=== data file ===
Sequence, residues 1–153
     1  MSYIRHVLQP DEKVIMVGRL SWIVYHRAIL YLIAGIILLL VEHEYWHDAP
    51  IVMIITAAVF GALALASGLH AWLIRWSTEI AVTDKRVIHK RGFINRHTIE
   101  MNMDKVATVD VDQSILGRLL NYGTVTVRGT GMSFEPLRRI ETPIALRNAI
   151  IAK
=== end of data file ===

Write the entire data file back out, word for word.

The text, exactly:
Sequence, residues 1–153
     1  MSYIRHVLQP DEKVIMVGRL SWIVYHRAIL YLIAGIILLL VEHEYWHDAP
    51  IVMIITAAVF GALALASGLH AWLIRWSTEI AVTDKRVIHK RGFINRHTIE
   101  MNMDKVATVD VDQSILGRLL NYGTVTVRGT GMSFEPLRRI ETPIALRNAI
   151  IAK